R is the statistical open source software that I use for analyzing the results of my economic simulations and other statistical data. R is a very powerful tool developed by a considerable and very active community. It is not really very user-friendly when you use it out of the box, through the command line, but some of the included packages try to make easier your life (like the RCommander package that is visible on the screenshot above). Other visual user interface projects are also in development. For example, Sciviews already proposes two nice tools: a very flexible and powerful script editor Tinn--R and a graphical gui that replaces the standard Rgui, Sciviews-R. The latter enriches the standard Rgui with some widgets that give an easy access to obkects in memory, for example, and a more flexible editor (but it is also possible to use Tinn-R in combination with this GUI).

The main website of R is the www.r-project.org. You can also download R, other packages and tools from a CRAN repository close to you (check the list of the mirror sites here).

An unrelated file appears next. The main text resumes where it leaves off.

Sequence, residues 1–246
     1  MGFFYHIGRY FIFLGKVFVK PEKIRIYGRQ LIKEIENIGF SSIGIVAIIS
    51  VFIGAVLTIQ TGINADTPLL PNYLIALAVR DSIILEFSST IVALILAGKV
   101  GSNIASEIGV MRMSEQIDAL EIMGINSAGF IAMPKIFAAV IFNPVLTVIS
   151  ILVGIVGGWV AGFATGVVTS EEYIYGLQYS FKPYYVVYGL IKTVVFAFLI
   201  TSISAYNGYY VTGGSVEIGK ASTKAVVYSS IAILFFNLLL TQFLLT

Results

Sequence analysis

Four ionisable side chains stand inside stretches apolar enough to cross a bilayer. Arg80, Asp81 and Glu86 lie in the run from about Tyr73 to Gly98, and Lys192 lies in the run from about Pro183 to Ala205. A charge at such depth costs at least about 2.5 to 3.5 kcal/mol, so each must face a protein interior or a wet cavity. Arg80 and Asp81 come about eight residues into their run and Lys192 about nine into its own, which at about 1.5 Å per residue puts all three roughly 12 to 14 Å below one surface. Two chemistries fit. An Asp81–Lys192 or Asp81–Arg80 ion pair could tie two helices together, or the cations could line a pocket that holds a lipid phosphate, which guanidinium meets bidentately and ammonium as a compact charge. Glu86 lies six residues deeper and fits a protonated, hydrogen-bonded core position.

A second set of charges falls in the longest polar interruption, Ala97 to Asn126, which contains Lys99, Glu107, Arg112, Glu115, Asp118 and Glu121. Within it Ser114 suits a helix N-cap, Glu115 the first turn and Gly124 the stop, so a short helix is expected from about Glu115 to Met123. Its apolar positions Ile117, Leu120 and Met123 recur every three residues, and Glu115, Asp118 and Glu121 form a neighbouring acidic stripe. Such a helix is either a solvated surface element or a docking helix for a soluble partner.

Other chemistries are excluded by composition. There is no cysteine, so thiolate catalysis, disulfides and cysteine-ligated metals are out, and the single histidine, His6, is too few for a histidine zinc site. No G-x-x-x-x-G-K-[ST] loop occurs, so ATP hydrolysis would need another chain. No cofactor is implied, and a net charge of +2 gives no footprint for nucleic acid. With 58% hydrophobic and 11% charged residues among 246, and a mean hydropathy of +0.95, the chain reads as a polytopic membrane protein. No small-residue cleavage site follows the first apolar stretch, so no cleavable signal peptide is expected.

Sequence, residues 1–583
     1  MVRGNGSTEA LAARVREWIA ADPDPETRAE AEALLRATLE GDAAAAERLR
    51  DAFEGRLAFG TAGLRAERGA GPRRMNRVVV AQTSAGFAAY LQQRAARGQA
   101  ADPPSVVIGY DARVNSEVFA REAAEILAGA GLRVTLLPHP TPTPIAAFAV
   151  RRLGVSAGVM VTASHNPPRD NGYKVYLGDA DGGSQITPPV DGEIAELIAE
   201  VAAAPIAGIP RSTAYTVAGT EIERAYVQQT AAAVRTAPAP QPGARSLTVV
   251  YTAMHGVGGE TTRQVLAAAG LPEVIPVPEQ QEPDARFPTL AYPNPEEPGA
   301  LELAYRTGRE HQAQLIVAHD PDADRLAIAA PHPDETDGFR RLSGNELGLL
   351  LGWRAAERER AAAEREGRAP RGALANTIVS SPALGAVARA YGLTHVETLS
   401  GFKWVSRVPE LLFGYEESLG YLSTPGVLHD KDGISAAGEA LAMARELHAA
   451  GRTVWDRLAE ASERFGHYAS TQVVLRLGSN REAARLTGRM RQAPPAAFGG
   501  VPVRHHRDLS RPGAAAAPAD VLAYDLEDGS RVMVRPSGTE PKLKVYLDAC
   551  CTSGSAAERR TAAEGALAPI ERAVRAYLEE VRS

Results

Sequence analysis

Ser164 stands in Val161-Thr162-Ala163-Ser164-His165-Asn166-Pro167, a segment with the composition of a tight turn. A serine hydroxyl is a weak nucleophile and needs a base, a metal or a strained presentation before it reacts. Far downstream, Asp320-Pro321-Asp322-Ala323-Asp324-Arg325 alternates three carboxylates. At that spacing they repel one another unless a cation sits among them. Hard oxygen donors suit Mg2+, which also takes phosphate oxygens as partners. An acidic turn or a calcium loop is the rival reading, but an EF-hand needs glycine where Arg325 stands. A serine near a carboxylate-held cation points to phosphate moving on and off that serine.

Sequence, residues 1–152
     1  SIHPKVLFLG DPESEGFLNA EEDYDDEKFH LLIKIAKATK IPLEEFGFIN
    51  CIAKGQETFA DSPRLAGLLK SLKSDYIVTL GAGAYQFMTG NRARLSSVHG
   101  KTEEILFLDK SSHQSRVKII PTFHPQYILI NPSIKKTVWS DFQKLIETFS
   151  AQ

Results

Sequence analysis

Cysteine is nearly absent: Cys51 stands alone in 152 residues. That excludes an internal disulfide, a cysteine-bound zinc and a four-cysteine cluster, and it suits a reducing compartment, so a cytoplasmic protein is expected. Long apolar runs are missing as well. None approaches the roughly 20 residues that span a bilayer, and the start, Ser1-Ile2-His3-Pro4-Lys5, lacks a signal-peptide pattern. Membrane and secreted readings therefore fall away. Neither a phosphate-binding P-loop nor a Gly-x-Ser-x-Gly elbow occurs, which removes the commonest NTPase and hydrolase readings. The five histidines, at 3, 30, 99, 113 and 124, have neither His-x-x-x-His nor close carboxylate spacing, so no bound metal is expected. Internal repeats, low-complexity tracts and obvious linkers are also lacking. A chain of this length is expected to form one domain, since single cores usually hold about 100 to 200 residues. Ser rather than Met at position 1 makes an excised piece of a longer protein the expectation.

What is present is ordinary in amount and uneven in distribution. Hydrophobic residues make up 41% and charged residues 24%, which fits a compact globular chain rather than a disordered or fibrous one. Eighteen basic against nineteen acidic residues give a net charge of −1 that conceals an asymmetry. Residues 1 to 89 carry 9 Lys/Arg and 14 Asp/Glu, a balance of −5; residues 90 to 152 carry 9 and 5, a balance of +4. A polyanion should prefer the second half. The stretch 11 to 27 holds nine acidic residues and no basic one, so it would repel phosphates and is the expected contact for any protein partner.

From the website of R:

R is a language and environment for statistical computing and graphics. It is a GNU project which is similar to the S language and environment which was developed at Bell Laboratories (formerly AT&T, now Lucent Technologies) by John Chambers and colleagues. R can be considered as a different implementation of S. There are some important differences, but much code written for S runs unaltered under R.

R provides a wide variety of statistical (linear and nonlinear modelling, classical statistical tests, time-series analysis, classification, clustering, ...) and graphical techniques, and is highly extensible. The S language is often the vehicle of choice for research in statistical methodology, and R provides an Open Source route to participation in that activity.

One of R's strengths is the ease with which well-designed publication-quality plots can be produced, including mathematical symbols and formulae where needed. Great care has been taken over the defaults for the minor design choices in graphics, but the user retains full control.

I really invite you to download R and begin to play with it. You can find very useful tutorials on R on the website, in the Contributed documentation page. Check, for example, **“Using R for Data Analysis and Graphics - Introduction, Examples and Commentary”**by John Maindonald. You can download the PDF file from this link.